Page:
Study: Parents don’t provide enough help

Tyrel Linkhorn

Across the nation, grant money is down and tuition is on the rise.

At this time, when college students need all the help they can get, a recent AllianceBernstein Financial study found that parents may not be helping enough.

According to the study released in mid-October, parents aren’t saving nearly enough for their children’s education.

The study, which polled parents with a minimum household income of $50,000 and at least one child under the age of 18 with college aspirations, found that on average, parents planning to contribute to their child’s college education were anticipating saving enough to cover about 23 percent of an undergraduate program.

Student financial aid director Mark Evans said while it’s good that many parents are planning to save nearly a quarter of their children’s education expenses, it’s not quite enough.

“Anything is better than nothing,” he said. “Unfortunately, from what (government financial aid) is available, there’s going to be a gap.”

Evans didn’t dispute the findings of AllianceBernstein; however, he said some studies by the Ohio Board of Regents suggest many families overestimate college costs while underestimating the financial aid available.

Evans said the financial aid office isn’t expecting students and their families to be covering the entire cost of education, but rather to lessen the need for loans.

Currently, Evans said more than 65 percent of students have more than $21,000 in student loans.

Bill Spakes, sophomore business management major, said student loans are his only option. His parents aren’t paying for any of his education.

“I think about it all the time,” he said of the burden of paying for his college.

He said his parents expected him to get more financial aid than he did, but even a little money from his parents would be nice.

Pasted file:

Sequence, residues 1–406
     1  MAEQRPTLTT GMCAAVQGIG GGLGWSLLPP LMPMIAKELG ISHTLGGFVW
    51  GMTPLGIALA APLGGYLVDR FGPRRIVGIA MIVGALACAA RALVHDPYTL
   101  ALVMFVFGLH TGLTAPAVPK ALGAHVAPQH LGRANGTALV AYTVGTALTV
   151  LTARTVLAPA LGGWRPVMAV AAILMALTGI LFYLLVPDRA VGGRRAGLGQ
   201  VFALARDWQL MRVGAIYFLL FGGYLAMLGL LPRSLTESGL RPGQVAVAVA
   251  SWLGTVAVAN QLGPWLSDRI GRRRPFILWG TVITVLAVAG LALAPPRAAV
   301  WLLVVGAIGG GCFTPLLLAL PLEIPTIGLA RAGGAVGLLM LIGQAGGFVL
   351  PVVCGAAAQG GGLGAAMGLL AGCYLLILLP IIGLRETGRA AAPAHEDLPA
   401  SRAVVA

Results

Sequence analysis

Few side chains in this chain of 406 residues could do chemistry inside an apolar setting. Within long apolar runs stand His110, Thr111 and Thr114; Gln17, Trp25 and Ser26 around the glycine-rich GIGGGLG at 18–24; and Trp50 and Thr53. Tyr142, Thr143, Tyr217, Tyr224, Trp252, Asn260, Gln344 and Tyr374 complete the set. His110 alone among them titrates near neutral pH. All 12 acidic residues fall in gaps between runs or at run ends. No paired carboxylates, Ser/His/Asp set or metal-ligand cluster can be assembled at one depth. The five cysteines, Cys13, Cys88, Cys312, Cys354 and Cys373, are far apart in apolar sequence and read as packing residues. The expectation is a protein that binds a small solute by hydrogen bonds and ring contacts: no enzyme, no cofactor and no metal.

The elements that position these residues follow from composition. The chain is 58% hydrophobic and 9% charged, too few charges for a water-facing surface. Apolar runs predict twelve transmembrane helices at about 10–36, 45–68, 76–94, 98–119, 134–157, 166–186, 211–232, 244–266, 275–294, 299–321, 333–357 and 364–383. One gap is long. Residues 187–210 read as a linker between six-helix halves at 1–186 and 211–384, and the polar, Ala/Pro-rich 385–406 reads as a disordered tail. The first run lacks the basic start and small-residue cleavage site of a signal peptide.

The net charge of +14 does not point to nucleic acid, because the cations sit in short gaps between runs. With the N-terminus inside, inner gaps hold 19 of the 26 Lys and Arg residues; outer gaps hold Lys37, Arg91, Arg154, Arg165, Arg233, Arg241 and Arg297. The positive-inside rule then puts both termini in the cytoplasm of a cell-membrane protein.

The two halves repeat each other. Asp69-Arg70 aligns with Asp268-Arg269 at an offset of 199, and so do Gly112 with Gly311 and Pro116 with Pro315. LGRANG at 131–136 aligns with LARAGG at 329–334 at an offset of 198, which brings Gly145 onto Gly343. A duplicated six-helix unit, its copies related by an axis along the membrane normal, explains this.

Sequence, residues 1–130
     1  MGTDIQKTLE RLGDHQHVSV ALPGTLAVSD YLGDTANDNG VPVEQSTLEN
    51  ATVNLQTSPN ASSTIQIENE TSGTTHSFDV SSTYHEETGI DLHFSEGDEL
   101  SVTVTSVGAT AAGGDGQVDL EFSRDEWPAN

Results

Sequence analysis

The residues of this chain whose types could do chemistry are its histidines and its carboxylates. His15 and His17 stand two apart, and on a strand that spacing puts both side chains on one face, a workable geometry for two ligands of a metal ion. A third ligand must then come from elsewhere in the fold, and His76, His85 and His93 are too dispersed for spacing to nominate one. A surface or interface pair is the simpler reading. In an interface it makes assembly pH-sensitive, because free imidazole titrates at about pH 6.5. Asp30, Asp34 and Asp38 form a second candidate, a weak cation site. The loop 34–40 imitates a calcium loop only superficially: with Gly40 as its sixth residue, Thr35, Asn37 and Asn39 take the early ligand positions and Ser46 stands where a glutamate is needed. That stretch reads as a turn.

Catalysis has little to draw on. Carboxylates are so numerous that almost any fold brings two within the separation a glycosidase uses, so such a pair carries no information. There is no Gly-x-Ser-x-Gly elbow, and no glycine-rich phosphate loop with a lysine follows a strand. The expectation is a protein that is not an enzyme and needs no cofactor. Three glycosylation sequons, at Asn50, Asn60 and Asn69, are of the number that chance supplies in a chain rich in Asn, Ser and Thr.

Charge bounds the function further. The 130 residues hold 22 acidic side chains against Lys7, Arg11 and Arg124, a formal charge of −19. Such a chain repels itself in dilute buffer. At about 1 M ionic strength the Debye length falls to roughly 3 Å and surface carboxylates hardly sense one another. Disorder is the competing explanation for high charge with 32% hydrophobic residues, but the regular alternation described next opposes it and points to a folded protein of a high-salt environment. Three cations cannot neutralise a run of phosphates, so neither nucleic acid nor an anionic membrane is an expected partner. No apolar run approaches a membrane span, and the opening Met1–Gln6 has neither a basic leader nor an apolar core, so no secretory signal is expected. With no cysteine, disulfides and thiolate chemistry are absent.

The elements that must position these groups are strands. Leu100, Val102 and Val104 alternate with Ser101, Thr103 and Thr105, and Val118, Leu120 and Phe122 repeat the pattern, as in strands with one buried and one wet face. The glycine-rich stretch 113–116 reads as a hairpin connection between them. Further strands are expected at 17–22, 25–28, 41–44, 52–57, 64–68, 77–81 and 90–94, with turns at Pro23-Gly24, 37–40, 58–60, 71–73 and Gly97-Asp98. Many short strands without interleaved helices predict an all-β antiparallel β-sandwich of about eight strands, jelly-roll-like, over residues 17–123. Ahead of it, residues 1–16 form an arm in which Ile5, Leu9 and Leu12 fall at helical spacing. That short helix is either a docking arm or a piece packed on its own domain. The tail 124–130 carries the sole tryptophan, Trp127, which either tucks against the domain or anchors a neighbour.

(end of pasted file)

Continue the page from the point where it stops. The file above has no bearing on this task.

“I think parents should help out at least some,” he said.

Considering the cost of higher education today, Evans said it was important to begin planning early.

One of the problems for planning for college, Evans said, is that “one size doesn’t fit all.”

He said “first generation families,” families where the parents didn’t attend college, often have more trouble because they “aren’t familiar with that type of investment.”

Evans said it is important that parents think of paying for their children’s’ education as just that — an investment with lifelong benefits.

However, according to the study, 58 percent of parents spend more money every year on dining out than they save toward higher education for their children.

Evans said concerns that saved money will hurt the chance for financial aid are largely unfounded.

But Evans said in actuality, not every dollar of parental savings will work against receiving aid. The process takes many things into account, including parents’ age and likely retirement age, he said. And while some savings will lessen available aid, Evans indicated that most doesn’t.

Evans said one of the best and most popular college savings plan is the 529 college savings plans, which are administered by the state and tax-free. However, AllianceBernstein’s study found that 45 percent of parents weren’t aware of these plans.

Regardless of how parents anticipate helping their children with college expenses, Evans said it’s important to start planning sooner rather than later.

Contact student finance reporter Tyrel Linkhorn at [email protected].